Mumsnet tackles 'motherhood penalty' with jobs site

Parenting website Mumsnet is to launch a job site focused on family-friendly roles in an attempt to tackle the "motherhood penalty" that many women face when they return to work.

Despite the fact successive governments have greatly extended workers' rights to include flexible working, and corporate leaders from all industries have spoken warmly of the need for change, survey after survey has shown the reality for many women is very different.

A report by the Institute of Public Policy Research this year found that just 19 per cent of working women in the UK were able to vary the hours they work, whereas in Sweden the proportion was more than double that.

One of the known problems is that many flexible working arrangements are only established when current employees ask for them, meaning it is hard for women applying for advertised jobs to know what options are open to them.

While the jobs board will not have any formal restrictions on what roles can be posted, Mumsnet said the key focus would be on employers signed up to family-friendly practices. It will launch with about 4,000 roles on the site, with big corporate launch partners including Tesco, PwC and Barclays.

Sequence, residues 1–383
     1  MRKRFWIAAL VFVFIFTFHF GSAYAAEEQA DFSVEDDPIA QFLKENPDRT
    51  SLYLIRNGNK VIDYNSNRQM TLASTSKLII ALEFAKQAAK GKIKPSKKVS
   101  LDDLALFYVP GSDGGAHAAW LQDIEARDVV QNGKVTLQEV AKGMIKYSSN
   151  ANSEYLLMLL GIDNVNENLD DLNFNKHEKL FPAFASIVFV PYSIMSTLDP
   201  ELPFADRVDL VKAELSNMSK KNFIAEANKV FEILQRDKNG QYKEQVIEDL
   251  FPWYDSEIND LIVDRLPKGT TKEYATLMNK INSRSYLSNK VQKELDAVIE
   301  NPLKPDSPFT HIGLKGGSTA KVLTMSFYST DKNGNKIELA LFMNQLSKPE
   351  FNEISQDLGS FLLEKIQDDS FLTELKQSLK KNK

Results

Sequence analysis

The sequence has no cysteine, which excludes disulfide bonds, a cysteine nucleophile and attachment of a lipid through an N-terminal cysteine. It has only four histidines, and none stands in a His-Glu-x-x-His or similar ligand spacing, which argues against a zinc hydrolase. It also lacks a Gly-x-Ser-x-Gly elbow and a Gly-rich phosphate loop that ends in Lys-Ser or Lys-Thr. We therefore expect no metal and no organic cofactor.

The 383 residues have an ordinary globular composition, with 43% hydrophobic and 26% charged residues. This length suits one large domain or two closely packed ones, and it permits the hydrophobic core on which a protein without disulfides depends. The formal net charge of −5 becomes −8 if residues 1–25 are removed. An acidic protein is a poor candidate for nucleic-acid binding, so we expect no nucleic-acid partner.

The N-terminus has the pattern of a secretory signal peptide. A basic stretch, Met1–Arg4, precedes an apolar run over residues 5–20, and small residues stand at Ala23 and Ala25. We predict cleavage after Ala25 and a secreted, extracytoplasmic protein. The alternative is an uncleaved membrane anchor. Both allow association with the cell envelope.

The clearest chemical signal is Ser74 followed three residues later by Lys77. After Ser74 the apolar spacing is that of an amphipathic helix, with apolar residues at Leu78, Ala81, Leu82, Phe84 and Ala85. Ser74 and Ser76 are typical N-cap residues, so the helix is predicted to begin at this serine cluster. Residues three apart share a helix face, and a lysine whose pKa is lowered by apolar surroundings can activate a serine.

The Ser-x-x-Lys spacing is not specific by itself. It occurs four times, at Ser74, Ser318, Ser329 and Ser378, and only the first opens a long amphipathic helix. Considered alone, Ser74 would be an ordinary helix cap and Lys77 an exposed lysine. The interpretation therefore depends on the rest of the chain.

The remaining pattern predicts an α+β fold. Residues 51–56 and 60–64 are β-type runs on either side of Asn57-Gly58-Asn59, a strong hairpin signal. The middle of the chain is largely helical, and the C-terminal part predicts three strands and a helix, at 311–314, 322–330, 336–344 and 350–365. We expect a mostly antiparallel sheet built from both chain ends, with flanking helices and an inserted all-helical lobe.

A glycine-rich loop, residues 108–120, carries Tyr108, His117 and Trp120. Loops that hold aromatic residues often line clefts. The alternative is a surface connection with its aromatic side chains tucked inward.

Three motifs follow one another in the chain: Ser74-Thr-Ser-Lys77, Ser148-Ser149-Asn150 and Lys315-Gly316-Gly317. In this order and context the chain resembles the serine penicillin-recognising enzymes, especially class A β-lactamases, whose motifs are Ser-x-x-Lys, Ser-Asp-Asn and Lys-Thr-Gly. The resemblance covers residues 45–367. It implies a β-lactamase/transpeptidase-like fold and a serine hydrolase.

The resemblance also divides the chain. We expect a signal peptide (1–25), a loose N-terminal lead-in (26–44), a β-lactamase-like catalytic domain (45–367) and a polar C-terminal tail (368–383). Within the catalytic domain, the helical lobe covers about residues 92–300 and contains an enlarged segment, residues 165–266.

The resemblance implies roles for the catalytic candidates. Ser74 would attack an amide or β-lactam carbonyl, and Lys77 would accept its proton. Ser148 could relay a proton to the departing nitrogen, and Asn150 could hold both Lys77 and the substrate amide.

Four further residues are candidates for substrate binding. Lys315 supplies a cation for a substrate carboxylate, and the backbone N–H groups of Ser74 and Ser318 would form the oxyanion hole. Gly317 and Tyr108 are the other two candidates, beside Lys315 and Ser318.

Justine Roberts, founder and chief executive of Mumsnet, said that most mothers - but relatively few fathers - suffer professionally when they have children, and "one way forward is for women to vote with their feet, and take their skills and experience to forward-thinking employers".

Research from Mumsnet published in conjunction with the launch found that 71 per cent of users cited flexible hours or arrangements - such as allowing them to pick children up from school - as their main priority in looking for a job.

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Gaenor Bagley, head of people at PwC, said advertising on the site for them was a way to ensure their jobs reached as many types of people as possible - including those who may have preconceived ideas about accountancy and professional services groups.

She said that PwC has made an effort to think about how it advertises, noting that in previous years there may well have been someone working flexibly in a job, but when it came to advertise for a replacement this was not necessarily mentioned.

"We want to open up the conversation," she said, adding that the idea that people could only do flexible working when they were known and trusted by an organisation was "clearly daft".

"If they are the right person then we would want to talk to them about a way of working that was good for them," Ms Bagley said.

Recent data from the Office for National Statistics shows that for full-time employees, the general pay gap narrowed from 10 per cent to 9.4 per cent, in 2014, the smallest gap since 1997. However, this rises to 19.1 per cent when part-time workers are included.

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